Blog Post

What 40 Global CDOs Are Saying About Increasing Diverse Representation in Leadership

By Casey Russo
June 22, 2022

Diverse talent across senior leadership is crucial to advancing DEI in the workplace. Yet most organizations report that the demographics of their senior leadership teams have barely changed. Data from Seramount’s Inclusion Index measuring organizations who are using established DEI best practices to create inclusive workplaces shows minimal movement in racial and ethnic representation. At the most senior levels, corporate executives were 2 percent Black, 2 percent Latine/Hispanic, and 8 percent Asian, up very slightly from the previous year.

Nearly 90 percent of our CDO Collaborative partners say that despite increased representation at lower levels, demographics at senior leadership remains largely the same. Here are the common themes we heard from them at our inaugural roundtable in April 2022:

Nearly every industry is struggling to increase diverse representation in leadership.

Nearly every CDO across industries agreed that their organization is struggling to diversify at the top. More than 80 percent of CDOs reported that progress has been made at more junior levels, but low turnover or movement in senior leadership positions has been a barrier to advancing the DEI strategy. That is why it is so important to have adequate data and analytics about representation and the causes of a leaky pipeline. To increase diversity in leadership, organizations must first expand diversity in the leadership pipeline and successor talent pools. An organization that can pinpoint areas of opportunity to recruit, retain, and advance diverse talent is more likely to have qualified diverse talent when leadership opportunities do arise.

“For me, one of the biggest barriers to advancing DEI is getting traction with our current leadership team and having something stick. CDOs are change leaders, and they don’t see it as that. Having senior leaders understand the magnitude of the work we do and the impact that it has on employees is a constant battle. Patience is key to be a Chief Diversity Officer,” said one CDO.

Without diverse voices at the table, it becomes impossible to drive change.

CDOs expressed that many leaders are still trying to ramp up and understand the basics of DEI. This means that CDOs are spending a lot of time on education and awareness and less time connecting DEI to the overall business strategy, which inevitably slows progress.

“It’s about being able to see DEI as a major differentiator. At this stage, there should be shared accountability across the organization, where the organization leaders can see it is about representation AND operations, as well as the outcomes of the organization and people’s ability to innovate around DEI. We need to not just say an organization is meritocratic but create a real meritocracy,” said one CDO.

Real change requires more leadership accountability structures and allyships.

More than 80 percent of CDOs believe that addressing this issue will require two things: secure senior leader allies and embedded accountability systems that reinforce equitable senior leader promotion and hiring decisions. White men still hold most power positions in corporate America—they are 90 percent of CEOs and 80 percent of board members. Creating DEI advocates and amplifying inclusive behavior among this group is critical to implementation of initiatives and building consensus. Change management strategies for linking DEI goals to compensation, embedding objectives into performance management and performance reviews, and creating truly inclusive and empathetic leadership as well as their challenges of holding people accountable will also be vital.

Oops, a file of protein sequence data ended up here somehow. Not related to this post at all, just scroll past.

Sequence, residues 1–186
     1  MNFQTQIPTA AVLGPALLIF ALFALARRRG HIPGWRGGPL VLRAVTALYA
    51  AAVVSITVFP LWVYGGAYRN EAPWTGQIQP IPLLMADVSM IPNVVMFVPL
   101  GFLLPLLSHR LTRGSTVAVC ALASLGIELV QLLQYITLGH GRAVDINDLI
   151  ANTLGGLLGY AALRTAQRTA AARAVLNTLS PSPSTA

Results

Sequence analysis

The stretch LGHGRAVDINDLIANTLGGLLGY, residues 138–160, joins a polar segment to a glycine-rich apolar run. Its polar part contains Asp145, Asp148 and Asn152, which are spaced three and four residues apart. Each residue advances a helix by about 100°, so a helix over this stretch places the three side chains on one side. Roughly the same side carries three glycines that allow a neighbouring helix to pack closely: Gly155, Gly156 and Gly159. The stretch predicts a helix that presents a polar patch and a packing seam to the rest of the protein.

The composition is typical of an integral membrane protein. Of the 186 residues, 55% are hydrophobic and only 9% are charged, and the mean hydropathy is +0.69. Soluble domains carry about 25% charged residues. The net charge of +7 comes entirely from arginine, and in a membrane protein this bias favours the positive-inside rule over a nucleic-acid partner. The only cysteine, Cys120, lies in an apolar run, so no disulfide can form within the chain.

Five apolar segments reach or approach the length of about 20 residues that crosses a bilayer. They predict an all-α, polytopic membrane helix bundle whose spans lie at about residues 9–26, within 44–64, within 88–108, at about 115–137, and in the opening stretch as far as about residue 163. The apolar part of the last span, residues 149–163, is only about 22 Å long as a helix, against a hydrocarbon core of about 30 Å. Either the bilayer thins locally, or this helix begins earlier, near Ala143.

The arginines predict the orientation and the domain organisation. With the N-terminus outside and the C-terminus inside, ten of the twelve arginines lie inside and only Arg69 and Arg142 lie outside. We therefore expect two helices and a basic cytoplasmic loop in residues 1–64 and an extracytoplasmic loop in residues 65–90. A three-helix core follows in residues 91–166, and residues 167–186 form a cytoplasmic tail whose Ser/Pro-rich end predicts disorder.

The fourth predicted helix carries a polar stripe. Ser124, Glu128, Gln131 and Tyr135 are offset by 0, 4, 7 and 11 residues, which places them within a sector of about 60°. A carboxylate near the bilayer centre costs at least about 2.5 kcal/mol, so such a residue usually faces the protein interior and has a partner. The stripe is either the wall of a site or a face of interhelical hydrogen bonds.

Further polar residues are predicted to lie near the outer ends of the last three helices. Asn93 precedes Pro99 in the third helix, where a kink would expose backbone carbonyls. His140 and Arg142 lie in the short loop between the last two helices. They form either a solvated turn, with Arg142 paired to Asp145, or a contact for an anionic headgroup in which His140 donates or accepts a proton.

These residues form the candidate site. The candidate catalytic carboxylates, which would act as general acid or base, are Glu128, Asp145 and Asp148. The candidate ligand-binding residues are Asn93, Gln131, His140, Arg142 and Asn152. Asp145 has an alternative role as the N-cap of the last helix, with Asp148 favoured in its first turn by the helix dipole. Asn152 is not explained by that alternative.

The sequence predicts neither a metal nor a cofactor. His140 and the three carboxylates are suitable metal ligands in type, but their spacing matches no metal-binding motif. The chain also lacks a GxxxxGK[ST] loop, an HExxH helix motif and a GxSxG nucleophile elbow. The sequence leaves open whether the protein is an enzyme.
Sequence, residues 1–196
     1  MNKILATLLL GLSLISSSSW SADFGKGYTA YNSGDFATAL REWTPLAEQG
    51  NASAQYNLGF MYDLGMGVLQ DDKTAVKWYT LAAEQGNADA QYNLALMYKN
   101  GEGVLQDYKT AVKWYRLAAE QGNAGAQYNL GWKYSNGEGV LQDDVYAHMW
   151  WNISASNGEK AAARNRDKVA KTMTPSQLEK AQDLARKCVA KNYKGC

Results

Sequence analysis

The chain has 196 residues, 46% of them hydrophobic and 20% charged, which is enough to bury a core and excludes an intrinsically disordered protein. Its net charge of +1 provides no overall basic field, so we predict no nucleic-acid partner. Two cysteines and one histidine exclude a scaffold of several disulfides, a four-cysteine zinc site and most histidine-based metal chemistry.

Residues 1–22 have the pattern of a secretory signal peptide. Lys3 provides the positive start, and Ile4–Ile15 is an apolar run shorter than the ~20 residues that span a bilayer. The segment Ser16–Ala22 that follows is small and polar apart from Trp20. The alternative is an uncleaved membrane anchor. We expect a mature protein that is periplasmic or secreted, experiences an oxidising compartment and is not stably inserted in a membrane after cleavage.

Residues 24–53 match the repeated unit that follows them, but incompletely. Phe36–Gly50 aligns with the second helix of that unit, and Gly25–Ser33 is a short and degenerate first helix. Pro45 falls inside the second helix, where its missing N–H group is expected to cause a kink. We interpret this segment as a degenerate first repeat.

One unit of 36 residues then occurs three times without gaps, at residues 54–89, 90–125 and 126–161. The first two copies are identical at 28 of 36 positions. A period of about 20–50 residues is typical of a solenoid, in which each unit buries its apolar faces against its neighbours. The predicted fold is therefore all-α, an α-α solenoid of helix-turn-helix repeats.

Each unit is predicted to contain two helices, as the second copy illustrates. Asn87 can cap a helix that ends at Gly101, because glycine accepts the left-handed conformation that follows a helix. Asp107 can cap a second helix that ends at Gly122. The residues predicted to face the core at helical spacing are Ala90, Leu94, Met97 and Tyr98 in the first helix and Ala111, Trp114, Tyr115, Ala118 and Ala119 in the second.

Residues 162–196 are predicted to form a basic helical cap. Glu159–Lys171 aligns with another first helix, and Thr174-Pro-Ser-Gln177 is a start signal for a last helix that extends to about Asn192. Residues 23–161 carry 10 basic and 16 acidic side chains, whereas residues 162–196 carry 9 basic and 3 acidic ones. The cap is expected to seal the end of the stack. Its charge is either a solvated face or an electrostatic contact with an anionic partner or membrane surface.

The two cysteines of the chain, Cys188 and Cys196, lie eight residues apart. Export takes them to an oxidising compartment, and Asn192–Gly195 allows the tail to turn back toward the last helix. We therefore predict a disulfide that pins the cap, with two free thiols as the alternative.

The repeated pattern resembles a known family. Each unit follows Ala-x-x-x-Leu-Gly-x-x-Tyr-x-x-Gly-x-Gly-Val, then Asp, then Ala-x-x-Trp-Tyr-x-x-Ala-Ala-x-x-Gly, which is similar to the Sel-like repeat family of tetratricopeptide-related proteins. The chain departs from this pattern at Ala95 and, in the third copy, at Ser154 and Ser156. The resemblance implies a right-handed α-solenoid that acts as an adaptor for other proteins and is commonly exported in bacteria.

“We must shift to putting white men to work and understanding their role in driving this change. People of color and women didn’t get themselves here, it will take white men’s partnership to get them out of here. This concept of ‘developing’ women and people of color—shouldn’t it instead be developing men to drive change? We need to coach managers and white men on their journey to drive change,” said one CDO.

Diverse leadership is key to ensuring that a workforce is well represented in decision making, but despite deliberate efforts, many organizations continue to struggle with achieving a diverse leadership bench. To achieve diversity among leadership and successor pools, HR and DEI leaders need to partner with senior business leaders across their organizations to evaluate current systems, processes, and stakeholders.

To support CDOs in surfacing innovative practices from exemplar organizations that have seen significant improvements in diverse senior leadership representation, Seramount is spending the next several months researching this topic. Seramount will debut the findings of this research and facilitate in-depth discussions on this topic on September 16th and October 5th. To learn more about the research or how to register, please contact Martha Baum.

About the Authors

Casey Russo
Senior Manager, Marketing
Seramount